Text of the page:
I went to the ER with chest pain this morning. It had been bugging me on and off for a couple of months and, finally at the urging of my own mother, I went to get it checked.
After a comprehensive series of tests, I am grateful to report the pain is just stress. No surprise. And I am grateful to now be able to put all the evil whispers in my head to rout. (I also had to laugh fyi. You know you’re a mom when you go to the ER with chest pain — and you’re just grateful they let you lie down somewhere for five hours.)
I learned a couple of things while there: daytime TV is an adjacent universe; and waiting on a gurney gives you a lot of time to think.
Reflecting on my life, I was thinking about choices. Particularly how every choice comes with stakes, and how our decision to pick one way or the other depends on what we understand to be weighing in the balance.
This year, I have (reluctantly but resolutely) chosen divorce. The hard thing about divorce is that looking back on our history, of course it is not all bad. I wasn’t out of my mind when I married him. We loved each other, and there were a lot of happy times. A lot of laughter, a lot of fun. But what were the stakes for me if I stayed?
Could I stay in the marriage to “keep” my Christian vows, when the covenant had been broken on the other side? What model would I then be giving my children? “Well, Mum’s great and she never had a problem with it”? I couldn’t do that.
On the other hand, there’s the very sober reality of what choosing divorce will entail. Only I could decide if being a single mom raising two children alone would be a better option than the married life I had. Truly only I could make that call, and I did because I have never doubted I could make it on my own. But that’s me.
I have a friend who is hoping her marriage will heal after repeated adultery. If this were me, I would ask myself, “This covenant is way broken! Why would I want him back?” But, for her, the stakes are different.
It all depends on what is in your scales, which all depends on your perspective in life.
For me, since becoming a Christian in my twenties, I have experienced God’s Word to be true. I know that He knows the plans He has for each one of us, plans to give us hope and a future. And those plans for us in human relationship are intended to reflect the human/divine bond. Respect, sacrificial love, willing the best for the other (even at the expense of oneself, because God has that in hand already).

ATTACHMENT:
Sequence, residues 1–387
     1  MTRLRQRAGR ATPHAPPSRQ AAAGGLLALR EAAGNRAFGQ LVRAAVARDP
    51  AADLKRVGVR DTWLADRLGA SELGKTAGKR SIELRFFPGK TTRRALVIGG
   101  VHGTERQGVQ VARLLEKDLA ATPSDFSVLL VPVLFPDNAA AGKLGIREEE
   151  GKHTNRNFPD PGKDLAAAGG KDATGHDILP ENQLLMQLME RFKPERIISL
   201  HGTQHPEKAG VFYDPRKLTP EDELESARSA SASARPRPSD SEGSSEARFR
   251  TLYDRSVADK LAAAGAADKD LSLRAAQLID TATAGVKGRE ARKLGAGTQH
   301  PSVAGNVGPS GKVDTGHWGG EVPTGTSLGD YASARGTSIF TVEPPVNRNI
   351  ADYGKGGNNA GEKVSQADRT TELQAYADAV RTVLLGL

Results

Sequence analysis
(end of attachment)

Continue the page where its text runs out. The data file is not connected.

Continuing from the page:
I chose divorce when I finally knew the choice had been made for me. I couldn’t sustain the marriage alone. I don’t mean mansions and money and comfort. I mean respect, honor, honesty, co-partnering and submission to God. After years of trying, I realized our tide was in fact going the other way. I was – in effect – already on my own.
Choices depend on three things: what options are available, what lies in the scales (i.e. the stakes), and your given perspective of expectation. Don’t you think?
Lying in the ER today, I caught some program called “Is it your baby?” Wow. That’s some intense stuff. But, if I thought that it was really just me against “him”, and this was my one shot in a universe at random and only I alone could define my own worth… Fair enough. I think I’d possibly be doing that too (only perhaps not on television).
Balancing your choices comes down to your frame of reference. For me, God’s love provides a template to lay over my life to see where the line of blessing lies, and where I’m outside of it. Without that template, I could only be guessing with the frame of reference I had been given by my parents/community/life experience.
Now in my case, that was a church community and believing parents. But what if I came from a different background? What if my mom was in prison for killing my dad? My scales would be strikingly different. Not a “turn the other cheek” world, but a “dog eat dog” world. And who could blame me?
I was faced with working out what choice really means last week when good friends asked me to write letters of encouragement to their teenage twin sons setting out in life. I have great affection and respect for the parents, but I don’t know the kids. What was I going to write?
As we know, the bullshit-ometer is never stronger than in the teenage years. So I wasn’t going to pretend I could speak to them particularly, I could only share what my understanding of life had evolved into being over my 49 years thus far.
Once I’d ruled out everything I couldn’t say, I realized all I could say was this: Seek truth, and don’t stop seeking until you find it. Not truth that changes with fashion and the seasons, but a universal truth that does not change. Truth in front of us every moment, that we can actually live by. A plumb-line, an absolute truth which can be found, does not change, and makes sense of your own experience in the world.
If there is such a thing as absolute truth – and I have discovered there is – it is something you can found your life upon. Truth is the only scale which can tell me where balance really lies. By the One who made the scales in the first place.
The key for each human life must be to hear that absolute truth really exists, and so is definitely worth finding. That we are not in some existential fog – whatever you find first is good enough – but that there is a genuine frame to our existence.
So I thought, as I lay on my gurney solving the problems of the world, the ultimate challenge for each human life must be to not rest until one discovers what that real frame of existence is. And thereby to discover what gets the balance right.